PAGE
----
THE GUARDIAN

He was one of the best-known figures of La Movida Madrileña, the counter-cultural movement that swept Spain after the death of President Francisco Franco, his lens capturing the transformation of Spanish society as it shed the shackles of nearly 40 years of dictatorship.

More than three decades later, filmmaker Pedro Almodóvar believes Spain is again on the cusp of transformation. “We broke down barriers with the sudden explosion in 2011 of the 15-M movement [the grassroots protests that saw thousands occupy the main squares in Spanish cities] and since then we have been pushing the boundaries for change,” the director wrote recently in an open letter signed by 120 leading cultural figures in Spain.

Pointing to the recent electoral victories of Ahora Madrid (Now Madrid) and Barcelona en Comú (Barcelona In Common) – the two new political movements that won power in Spain’s largest cities in mayoral elections earlier this year – the letter suggests they are about a different way of doing politics. Instead of representing one political party, Manuela Carmena, in Madrid, and Ada Colau, in Barcelona, front citizen platforms made up of individuals from a wide range of leftist parties, social activists and thousands of citizens with no political affiliation.

United by a desire to return politics to ordinary people, these platforms managed to seize power in cities from northern La Coruña to Cádiz at the southern tip, moving the protesters – known as the indignados (the outraged) – from Spanish squares into the halls of power in more than half a dozen cities across the country.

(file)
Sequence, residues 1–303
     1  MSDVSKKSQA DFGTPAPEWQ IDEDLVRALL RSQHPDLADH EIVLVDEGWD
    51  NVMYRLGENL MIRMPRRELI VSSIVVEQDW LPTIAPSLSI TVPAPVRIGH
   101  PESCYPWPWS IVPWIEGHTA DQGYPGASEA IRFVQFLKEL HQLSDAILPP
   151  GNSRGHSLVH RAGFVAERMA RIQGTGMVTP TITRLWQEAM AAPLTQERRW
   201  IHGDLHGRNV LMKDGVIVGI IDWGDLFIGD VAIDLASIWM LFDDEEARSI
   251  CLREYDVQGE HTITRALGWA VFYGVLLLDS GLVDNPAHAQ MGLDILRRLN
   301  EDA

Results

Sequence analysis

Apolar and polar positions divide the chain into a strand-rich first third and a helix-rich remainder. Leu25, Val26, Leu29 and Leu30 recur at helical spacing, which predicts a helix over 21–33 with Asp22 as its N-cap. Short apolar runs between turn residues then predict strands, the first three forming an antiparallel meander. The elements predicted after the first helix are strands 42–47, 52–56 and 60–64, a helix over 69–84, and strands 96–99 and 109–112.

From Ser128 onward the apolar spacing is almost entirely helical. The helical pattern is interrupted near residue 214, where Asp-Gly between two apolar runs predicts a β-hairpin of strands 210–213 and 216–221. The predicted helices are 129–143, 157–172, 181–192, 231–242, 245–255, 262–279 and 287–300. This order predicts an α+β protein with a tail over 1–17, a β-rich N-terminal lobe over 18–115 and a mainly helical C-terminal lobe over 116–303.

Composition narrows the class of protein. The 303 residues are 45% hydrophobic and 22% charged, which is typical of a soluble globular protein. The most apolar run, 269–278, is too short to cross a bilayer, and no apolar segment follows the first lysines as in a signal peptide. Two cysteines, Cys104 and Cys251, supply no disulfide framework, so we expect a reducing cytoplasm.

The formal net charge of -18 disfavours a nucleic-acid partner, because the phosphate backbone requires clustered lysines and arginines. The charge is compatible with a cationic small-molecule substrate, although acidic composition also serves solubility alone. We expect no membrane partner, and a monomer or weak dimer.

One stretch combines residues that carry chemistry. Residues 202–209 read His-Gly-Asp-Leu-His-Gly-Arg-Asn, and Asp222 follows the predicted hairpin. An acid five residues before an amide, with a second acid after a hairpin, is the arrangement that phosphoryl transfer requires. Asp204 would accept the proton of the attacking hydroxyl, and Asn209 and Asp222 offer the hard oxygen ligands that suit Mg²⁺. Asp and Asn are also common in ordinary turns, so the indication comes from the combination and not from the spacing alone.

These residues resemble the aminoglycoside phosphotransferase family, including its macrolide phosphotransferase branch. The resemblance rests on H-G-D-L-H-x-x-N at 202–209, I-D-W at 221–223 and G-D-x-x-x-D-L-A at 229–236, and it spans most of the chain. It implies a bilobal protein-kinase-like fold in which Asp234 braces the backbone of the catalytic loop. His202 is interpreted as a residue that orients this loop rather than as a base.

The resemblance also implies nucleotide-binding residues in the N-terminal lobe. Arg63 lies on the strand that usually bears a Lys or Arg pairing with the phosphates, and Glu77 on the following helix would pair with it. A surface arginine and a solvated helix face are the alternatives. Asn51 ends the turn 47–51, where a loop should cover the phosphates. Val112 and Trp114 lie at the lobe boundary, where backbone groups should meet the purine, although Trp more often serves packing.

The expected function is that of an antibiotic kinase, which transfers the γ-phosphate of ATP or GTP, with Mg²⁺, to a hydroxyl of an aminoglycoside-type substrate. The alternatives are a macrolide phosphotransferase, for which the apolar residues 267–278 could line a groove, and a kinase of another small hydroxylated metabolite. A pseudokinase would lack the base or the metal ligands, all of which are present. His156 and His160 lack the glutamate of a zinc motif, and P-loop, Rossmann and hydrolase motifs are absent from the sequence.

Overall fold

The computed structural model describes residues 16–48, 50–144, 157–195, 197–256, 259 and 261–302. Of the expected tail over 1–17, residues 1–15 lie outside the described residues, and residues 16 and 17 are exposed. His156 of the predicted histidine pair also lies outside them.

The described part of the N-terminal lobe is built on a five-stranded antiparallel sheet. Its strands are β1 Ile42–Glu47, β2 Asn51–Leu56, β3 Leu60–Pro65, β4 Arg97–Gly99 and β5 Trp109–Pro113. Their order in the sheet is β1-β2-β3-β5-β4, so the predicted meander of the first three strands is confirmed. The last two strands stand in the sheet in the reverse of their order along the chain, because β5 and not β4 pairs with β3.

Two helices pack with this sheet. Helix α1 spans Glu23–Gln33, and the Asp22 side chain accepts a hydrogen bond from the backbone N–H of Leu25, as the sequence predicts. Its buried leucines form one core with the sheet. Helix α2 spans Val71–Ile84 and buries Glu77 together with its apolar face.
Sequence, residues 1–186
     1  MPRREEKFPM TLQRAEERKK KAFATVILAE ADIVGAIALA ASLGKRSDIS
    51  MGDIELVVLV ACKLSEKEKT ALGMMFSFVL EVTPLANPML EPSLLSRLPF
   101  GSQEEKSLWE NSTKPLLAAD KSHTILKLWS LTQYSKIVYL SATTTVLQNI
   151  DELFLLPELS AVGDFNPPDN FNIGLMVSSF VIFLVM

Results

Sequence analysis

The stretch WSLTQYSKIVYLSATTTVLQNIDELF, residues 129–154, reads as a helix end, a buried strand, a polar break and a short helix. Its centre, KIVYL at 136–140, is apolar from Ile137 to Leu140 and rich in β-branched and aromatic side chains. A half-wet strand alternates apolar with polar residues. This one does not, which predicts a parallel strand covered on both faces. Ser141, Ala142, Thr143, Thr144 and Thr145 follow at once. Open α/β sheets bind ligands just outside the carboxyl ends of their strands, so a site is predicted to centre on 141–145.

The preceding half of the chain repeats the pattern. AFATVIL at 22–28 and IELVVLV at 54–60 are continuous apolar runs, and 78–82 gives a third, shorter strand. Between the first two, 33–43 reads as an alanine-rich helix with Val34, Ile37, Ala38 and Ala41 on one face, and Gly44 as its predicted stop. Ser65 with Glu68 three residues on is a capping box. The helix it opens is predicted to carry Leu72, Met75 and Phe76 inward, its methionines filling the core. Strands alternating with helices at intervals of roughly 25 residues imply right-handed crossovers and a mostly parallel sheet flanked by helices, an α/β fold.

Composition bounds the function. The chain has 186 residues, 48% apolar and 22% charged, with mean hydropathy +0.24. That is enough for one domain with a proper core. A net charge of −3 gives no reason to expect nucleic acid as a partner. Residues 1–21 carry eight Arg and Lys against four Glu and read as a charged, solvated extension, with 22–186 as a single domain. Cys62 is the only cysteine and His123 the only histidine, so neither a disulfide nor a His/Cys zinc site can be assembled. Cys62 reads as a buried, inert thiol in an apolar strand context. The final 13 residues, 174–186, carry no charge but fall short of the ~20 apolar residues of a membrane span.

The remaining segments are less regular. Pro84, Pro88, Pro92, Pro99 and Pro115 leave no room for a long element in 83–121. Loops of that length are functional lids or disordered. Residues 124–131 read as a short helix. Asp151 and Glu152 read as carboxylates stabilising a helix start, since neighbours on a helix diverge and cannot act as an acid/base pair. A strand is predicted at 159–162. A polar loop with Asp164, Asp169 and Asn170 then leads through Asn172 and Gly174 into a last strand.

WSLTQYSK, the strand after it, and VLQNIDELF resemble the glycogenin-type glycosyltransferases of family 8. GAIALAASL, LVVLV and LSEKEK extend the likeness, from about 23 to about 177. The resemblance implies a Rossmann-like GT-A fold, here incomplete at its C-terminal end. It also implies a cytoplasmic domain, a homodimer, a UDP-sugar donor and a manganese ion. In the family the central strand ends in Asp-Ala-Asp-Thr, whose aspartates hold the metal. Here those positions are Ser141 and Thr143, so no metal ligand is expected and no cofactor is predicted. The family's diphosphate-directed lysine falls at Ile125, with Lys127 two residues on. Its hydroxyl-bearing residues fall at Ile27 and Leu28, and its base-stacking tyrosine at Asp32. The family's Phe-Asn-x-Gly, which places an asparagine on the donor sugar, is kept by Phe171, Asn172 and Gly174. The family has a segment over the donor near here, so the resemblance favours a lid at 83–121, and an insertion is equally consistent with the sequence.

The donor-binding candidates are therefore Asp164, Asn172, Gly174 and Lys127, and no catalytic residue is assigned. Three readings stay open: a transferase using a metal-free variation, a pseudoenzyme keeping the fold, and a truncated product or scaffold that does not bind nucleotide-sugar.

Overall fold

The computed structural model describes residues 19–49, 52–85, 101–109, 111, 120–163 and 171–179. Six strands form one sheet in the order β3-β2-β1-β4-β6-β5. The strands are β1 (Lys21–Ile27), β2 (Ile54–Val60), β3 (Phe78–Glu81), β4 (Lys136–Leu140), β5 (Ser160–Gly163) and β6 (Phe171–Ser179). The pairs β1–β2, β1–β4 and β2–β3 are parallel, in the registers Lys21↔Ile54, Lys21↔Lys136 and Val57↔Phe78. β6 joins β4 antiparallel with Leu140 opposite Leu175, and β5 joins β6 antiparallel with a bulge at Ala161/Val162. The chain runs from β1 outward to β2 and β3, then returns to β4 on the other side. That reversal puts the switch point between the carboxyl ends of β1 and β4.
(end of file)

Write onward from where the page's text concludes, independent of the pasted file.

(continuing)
Now the push is on to bring the same sort of political transformation to the highest level of Spanish government. A citizens’ platform launched this month and backed by thousands of Spaniards aims to create a national version of these broad, leftist municipal movements. The name given to the initiative, Ahora en Común (Now in Common), is a nod to this inspiration, merging the names of the citizen platforms that triumphed across the country last May.

“This was born out of a clamour from the streets,” said Joan Albert Fabra-Barrios, one of the 200 or so people behind the initiative. He contrasted the victories of the platforms in the municipal elections with the regional elections, where leftist parties such as Podemos chose to run on their own and came third or fourth. “We think that Podemos will fall short if it goes at it alone. Many of us who participated in these leftist coalitions during the municipal elections thought this model would be the best way to win the November general elections,” he said.

Since the launch of Ahora en Común this month, more than 26,000 people have signed up. While many have ties to leftist political parties or activist groups, a significant number have no political affiliation at all.

The project picked up pace a week after its launch when Almodóvar and other cultural figures published their open letter urging Spanish leftists to come together to support the project. “The regional and municipal elections showed us the road to follow to get rid of [the prime minister] Rajoy, bipartisanship and austerity measures,” they wrote. “We can’t allow another four years of evictions, insecurity and inequality.”